Xie W, Lama L, Adura C, Tomita D, Glickman JF, Tuschl T, Patel DJ
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Human cGAS catalytic domain has an additional DNA-binding interface that enhances enzymatic activity and liquid-phase condensation

The cyclic GMP-AMP synthase (cGAS)-cGAMP-STING pathway plays a key role in innate immunity, with cGAS sensing both pathogenic and mislocalized DNA in the cytoplasm. Human cGAS (h-cGAS) constitutes an important drug target for control of antiinflammatory responses that can contribute to the onset of autoimmune diseases. Recent studies have established that the positively charged N-terminal segment of cGAS contributes to enhancement of cGAS enzymatic activity as a result of DNA-induced liquid-phase condensation. We have identified an additional cGAS(CD)-DNA interface (labeled site-C; CD, catalytic domain) in the crystal structure of a human SRY.cGAS(CD)-DNA complex, with mutations along this basic site-C cGAS interface disrupting liquid-phase condensation, as monitored by cGAMP formation, gel shift, spin-down, and turbidity assays, as well as time-lapse imaging of liquid droplet formation. We expand on an earlier ladder model of cGAS dimers bound to a pair of parallel-aligned DNAs to propose a multivalent interaction-mediated cluster model to account for DNA-mediated condensation involving both the N-terminal domain of cGAS and the site-C cGAS-DNA interface. We also report the crystal structure of the h-cGAS(CD)-DNA complex containing a triple mutant that disrupts the site-C interface, with this complex serving as a future platform for guiding cGAS inhibitor development at the DNA-bound h-cGAS level. Finally, we solved the structure of RU.521 bound in two alternate alignments to apo h-cGAS(CD), thereby occupying more of the catalytic pocket and providing insights into further optimization of active-site-binding inhibitors.
Valverde DP, Yu SL, Boggavarapu V, Kumar N, Lees JA, Walz T, Reinisch KM, Melia TJ
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ATG2 transports lipids to promote autophagosome biogenesis

JOURNAL OF CELL BIOLOGY 2019 JUN; 218(6):1787-1798
During macroautophagic stress, autophagosomes can be produced continuously and in high numbers. Many different organelles have been reported as potential donor membranes for this sustained autophagosome growth, but specific machinery to support the delivery of lipid to the growing autophagosome membrane has remained unknown. Here we show that the autophagy protein, ATG2, without a clear function since its discovery over 20 yr ago, is in fact a lipid-transfer protein likely operating at the ER-autophagosome interface. ATG2A can bind tens of glycerophospholipids at once and transfers lipids robustly in vitro. An N-terminal fragment of ATG2A that supports lipid transfer in vitro is both necessary and fully sufficient to rescue blocked autophagosome biogenesis in ATG2A/ATG2B KO cells, implying that regulation of lipid homeostasis is the major autophagy-dependent activity of this protein and, by extension, that protein-mediated lipid transfer across contact sites is a principal contributor to autophagosome formation.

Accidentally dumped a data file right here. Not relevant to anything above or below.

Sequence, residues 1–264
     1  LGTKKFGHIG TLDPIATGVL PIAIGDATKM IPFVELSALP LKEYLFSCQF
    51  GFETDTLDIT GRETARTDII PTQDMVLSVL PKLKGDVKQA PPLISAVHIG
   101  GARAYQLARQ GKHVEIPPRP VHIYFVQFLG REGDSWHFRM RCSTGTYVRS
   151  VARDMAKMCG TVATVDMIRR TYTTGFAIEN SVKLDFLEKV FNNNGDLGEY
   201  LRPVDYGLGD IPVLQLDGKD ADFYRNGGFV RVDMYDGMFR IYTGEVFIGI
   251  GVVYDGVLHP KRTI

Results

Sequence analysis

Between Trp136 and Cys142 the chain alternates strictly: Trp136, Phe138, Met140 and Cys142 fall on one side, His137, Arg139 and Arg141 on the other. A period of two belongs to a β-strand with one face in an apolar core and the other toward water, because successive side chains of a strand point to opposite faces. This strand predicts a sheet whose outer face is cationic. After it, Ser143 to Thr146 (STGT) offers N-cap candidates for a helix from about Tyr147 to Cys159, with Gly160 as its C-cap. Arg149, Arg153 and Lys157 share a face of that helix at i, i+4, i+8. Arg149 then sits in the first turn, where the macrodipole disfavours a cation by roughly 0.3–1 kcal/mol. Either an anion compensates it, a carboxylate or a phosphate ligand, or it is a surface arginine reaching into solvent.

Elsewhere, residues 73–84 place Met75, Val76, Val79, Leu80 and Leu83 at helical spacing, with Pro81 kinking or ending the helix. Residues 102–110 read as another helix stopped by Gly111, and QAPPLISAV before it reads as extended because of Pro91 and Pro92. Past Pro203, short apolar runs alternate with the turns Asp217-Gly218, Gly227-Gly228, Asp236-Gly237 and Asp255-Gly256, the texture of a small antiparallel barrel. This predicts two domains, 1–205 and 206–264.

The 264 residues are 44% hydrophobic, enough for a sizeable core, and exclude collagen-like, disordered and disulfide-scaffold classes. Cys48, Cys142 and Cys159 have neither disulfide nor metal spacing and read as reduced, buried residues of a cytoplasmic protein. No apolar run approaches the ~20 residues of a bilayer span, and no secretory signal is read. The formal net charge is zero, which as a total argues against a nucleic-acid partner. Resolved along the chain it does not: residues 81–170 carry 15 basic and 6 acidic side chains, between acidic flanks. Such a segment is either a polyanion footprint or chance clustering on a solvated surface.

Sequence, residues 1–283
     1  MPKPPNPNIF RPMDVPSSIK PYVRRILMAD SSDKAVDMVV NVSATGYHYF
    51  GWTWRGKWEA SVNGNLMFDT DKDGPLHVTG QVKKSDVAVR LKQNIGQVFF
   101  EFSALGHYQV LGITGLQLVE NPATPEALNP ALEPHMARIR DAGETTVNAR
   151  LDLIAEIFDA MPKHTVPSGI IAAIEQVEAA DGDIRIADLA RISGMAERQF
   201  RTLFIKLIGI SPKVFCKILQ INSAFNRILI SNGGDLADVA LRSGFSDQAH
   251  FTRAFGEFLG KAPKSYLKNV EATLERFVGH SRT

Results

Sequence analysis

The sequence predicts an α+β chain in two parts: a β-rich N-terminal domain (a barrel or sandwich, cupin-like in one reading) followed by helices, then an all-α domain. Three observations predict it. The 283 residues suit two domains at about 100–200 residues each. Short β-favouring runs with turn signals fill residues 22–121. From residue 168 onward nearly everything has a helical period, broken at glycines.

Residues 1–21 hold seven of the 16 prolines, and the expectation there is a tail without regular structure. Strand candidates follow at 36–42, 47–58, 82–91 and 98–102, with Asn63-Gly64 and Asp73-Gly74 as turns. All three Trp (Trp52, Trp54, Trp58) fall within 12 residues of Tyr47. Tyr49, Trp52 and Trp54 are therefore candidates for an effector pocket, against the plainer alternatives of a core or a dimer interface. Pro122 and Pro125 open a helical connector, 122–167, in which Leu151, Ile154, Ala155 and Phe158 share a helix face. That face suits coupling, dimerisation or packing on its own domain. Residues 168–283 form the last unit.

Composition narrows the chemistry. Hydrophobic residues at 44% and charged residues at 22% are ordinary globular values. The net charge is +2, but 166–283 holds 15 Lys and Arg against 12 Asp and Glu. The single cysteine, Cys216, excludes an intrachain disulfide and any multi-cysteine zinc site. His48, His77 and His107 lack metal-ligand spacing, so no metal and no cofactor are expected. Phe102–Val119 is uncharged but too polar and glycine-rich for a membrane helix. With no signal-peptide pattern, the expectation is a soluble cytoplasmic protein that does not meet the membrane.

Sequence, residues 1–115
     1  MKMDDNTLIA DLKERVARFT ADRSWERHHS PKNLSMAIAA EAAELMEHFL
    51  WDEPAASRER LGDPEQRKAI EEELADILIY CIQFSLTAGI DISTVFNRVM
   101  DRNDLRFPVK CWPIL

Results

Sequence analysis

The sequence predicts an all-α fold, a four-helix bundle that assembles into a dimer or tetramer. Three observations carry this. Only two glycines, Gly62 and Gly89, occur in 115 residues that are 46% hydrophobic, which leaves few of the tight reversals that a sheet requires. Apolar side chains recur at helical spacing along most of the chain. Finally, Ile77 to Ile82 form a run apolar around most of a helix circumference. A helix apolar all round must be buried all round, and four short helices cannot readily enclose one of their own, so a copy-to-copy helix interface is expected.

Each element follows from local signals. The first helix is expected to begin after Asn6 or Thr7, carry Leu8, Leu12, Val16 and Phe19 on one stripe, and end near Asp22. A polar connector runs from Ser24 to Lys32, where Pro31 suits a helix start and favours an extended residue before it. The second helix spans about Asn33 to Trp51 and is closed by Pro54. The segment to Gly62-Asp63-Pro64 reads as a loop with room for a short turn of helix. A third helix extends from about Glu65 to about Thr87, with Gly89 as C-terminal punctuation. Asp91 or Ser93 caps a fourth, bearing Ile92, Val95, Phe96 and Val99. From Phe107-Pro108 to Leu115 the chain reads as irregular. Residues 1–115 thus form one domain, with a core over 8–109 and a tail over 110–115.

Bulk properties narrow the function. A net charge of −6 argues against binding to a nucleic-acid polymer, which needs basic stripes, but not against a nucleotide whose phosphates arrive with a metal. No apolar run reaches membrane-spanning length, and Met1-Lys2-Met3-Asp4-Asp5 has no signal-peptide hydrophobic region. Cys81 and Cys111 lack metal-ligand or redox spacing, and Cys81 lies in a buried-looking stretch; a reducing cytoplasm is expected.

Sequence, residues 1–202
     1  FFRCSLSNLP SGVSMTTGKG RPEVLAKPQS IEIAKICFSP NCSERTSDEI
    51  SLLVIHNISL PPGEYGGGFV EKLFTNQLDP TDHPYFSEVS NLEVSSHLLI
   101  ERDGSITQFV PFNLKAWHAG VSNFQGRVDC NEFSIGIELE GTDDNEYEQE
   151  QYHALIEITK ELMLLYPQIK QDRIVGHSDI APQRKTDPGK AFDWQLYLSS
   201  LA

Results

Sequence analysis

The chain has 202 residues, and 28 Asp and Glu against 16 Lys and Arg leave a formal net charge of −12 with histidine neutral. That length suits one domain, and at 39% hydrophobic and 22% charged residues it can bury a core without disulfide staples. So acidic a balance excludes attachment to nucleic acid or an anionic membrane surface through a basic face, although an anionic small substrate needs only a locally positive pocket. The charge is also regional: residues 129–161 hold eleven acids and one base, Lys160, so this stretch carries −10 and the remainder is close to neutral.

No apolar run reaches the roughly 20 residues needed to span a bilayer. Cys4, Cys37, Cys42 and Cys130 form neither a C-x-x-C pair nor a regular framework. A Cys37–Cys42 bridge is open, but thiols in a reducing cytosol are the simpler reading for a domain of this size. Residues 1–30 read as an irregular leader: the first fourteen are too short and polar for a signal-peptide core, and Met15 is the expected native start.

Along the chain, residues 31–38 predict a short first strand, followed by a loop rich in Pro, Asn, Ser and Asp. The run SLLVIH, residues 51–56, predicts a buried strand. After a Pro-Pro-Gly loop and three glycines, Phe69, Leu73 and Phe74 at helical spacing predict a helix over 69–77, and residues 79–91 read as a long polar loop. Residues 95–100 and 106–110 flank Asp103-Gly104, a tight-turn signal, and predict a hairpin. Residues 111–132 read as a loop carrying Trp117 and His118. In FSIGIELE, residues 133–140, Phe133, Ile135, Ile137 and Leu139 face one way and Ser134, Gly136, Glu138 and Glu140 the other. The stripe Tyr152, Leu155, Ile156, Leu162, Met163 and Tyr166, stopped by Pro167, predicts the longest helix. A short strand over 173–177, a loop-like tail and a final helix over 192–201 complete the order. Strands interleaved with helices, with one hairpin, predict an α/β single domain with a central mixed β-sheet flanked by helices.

Minuesa G, Albanese SK, Xie W, Kazansky Y, Worroll D, Chow A, Schurer A, Park SM, Rotsides CZ, Taggart J, Rizzi A, Naden LN, Chou T, Gourkanti S, Cappel D, Passarelli MC, Fairchild L, Adura C, Glickman JF, Schulman J, Famulare C, Patel M, Eibl JK, Ross GM, Bhattacharya S, Tan DS, Leslie CS, Beuming T, Patel DJ, Goldgur Y, Chodera JD, Kharas MG
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Small-molecule targeting of MUSASHI RNA-binding activity in acute myeloid leukemia

NATURE COMMUNICATIONS 2019 JUN 19; 10(?):? Article 2691
The MUSASHI (MSI) family of RNA binding proteins (MSI1 and MSI2) contribute to a wide spectrum of cancers including acute myeloid leukemia. We find that the small molecule Ro 08-2750 (Ro) binds directly and selectively to MSI2 and competes for its RNA binding in biochemical assays. Ro treatment in mouse and human myeloid leukemia cells results in an increase in differentiation and apoptosis, inhibition of known MSI-targets, and a shared global gene expression signature similar to shRNA depletion of MSI2. Ro demonstrates in vivo inhibition of c-MYC and reduces disease burden in a murine AML leukemia model. Thus, we identify a small molecule that targets MSI's oncogenic activity. Our study provides a framework for targeting RNA binding proteins in cancer.
Xu M, Kolding J, Cohen JE
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Sequential analysis and design of fixed-precision sampling of Lake Kariba fishes using Taylor's power law

Taylor's power law (TPL), which states that the variance of abundance is a power function of mean abundance, has been used to design sampling of agricultural pests and fish species. We show that TPL holds for means and variances of abundance of accumulated fish samples in the fished and unfished areas separately of Lake Kariba (between Zambia and Zimbabwe), measuring abundance indices by number and weight separately. We use TPL parameters estimated from sequentially accumulated samples to update a stopping line of fixed precision 0.1 after each new sample from a sampling day. In these Lake Kariba data, depending on the sampling area and abundance measure, our updated stopping-line method requires 21% to 41% of the number of sampling days and 19% to 40% of the number of samples that are planned a priori and performed under systematic sampling. Our novel method yields mean abundance estimates similar to those from systematic sampling and provides a conservative approach to reaching a fixed sampling precision level with reduced sampling labor and time. Using mixed-effect modeling for cumulative means and variances with either number or weight from both fished and unfished areas, we find that fishing increases the slope of TPL. This study provides the conceptual framework and an empirical case study for implementing a sequential sampling method for fish assemblages of an inland lake. The possible limitations and applications of our method for sampling in other environments are discussed.